However, after that, there is another problem that you have to deal with. When you land in the U.S., you will be ‘inspected’ by a U.S. Customs and Border Protection (CBP) agent at the “port of entry” or border. You will be questioned, and you have to explain the reasons for your visit. Then, the decision to allow you an entry or ‘admission’ (as it is called) would be at the discretion of the CBP agent.

It is vital for you to note that you should never misrepresent the true reason for you to visit the U.S., either before a CBP agent/immigration officer or on an immigration form. Thus, you should not give misleading or false information to officials. Also, you should never lie about being married to a green card holder or U.S. citizen. Any misrepresentation could be considered fraud, and your application for a green card is likely to be denied in that case. An expedited removal order might even be issued, which could make you ineligible for an immigrant visa.

However, even if you have a valid tourist visa, there is no guarantee that you will get admission. In many cases, spouses who seek a green card get their entry denied at the port of entry/border when a CBP agent discovers that they have a pending marriage-based green card application or are married to someone living in the United States.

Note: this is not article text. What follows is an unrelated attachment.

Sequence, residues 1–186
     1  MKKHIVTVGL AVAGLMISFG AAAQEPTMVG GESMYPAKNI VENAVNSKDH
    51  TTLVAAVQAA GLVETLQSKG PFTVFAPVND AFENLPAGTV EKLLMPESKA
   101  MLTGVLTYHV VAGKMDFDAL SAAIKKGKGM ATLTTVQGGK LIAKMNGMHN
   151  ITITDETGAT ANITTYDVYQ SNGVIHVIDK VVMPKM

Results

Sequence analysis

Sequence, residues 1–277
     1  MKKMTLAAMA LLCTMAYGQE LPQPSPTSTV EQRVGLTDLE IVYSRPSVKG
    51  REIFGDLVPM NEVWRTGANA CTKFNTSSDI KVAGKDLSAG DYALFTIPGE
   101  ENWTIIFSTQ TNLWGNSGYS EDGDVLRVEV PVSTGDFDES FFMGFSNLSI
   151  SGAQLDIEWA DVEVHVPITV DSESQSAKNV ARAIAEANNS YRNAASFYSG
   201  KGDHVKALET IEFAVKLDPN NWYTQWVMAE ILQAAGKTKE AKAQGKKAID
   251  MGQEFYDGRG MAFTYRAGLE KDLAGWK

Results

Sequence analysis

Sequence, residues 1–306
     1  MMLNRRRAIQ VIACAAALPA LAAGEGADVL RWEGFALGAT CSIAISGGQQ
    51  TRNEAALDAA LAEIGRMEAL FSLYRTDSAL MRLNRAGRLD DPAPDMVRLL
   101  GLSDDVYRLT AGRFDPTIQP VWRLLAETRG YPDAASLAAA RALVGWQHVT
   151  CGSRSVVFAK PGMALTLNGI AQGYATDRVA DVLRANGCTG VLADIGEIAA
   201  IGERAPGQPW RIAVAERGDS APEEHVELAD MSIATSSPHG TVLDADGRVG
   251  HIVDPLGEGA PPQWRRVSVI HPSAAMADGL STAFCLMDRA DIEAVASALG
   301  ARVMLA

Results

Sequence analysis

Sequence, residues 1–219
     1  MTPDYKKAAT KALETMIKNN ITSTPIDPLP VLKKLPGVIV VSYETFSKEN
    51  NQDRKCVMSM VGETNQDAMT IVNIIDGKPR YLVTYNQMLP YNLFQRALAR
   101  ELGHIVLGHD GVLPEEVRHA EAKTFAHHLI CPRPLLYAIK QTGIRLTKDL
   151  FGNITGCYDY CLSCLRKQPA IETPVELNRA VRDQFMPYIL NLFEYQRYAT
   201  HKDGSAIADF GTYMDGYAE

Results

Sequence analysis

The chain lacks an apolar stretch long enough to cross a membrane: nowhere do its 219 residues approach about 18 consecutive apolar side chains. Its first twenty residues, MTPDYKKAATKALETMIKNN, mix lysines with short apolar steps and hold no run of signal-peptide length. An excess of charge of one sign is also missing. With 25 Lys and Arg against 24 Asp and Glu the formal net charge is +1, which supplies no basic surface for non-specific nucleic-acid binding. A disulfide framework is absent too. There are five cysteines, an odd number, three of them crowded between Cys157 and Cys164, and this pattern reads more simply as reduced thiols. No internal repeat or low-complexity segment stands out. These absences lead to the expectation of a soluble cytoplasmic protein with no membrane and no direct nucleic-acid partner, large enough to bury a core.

What Can You Expect?

Spouses of green card holders or U.S. citizens, particularly those with a pending I-130 petition (which is the first step to getting a marriage-based green card), frequently have to face more scrutiny. In case you use a tourist visa to visit your spouse, it could be suspected by the immigration officer in charge of processing your application that you are attempting to sidestep the process of getting a green card to shorten the time to be with your spouse.

Based on your situation, this is something that you can expect:

 

In case of an I-130 petition that is pending

You would be walking a tightrope, logically speaking, if you have a pending I-130 petition and are trying to visit the United States. You might like to stay in the United States permanently when you get a green card. However, at the moment, you have to convince the CBP agent/immigration officer that you do not have plans yet to settle in the U.S.

That can be tough if you have given up your job already and sold off all your property in your nation. Due to this reason, many people like to visit the U.S. before they do any of those things. Naturally, it is essential to present some strong proof that you have plans to come back to your home nation after your short visit. However, a risk is always there to have your entry denied. There is never any guarantee of admission.

 

In case of an I-130 petition not pending

 

If you have not yet begun the process of getting a marriage-based green card by getting an I-130 petition filed, there is no need to prove that you are not in a hurry to settle in the U.S. Still, you might have to go through extra scrutiny while applying for a tourist visa or at the time of arrival in the U.S. This is due to the reason that the CBP agent or immigration officer could have suspicions that you want to avoid the entire process of I-130 by trying to enter on a tourist visa and will then submit a marriage-based green card application after you have entered the U.S. already (which is referred to as “adjustment of status”).

In case you do not have plans immediately to live in the U.S. permanently, you should have a clear idea about that in your application for a tourist visa. Also, you might like to prove: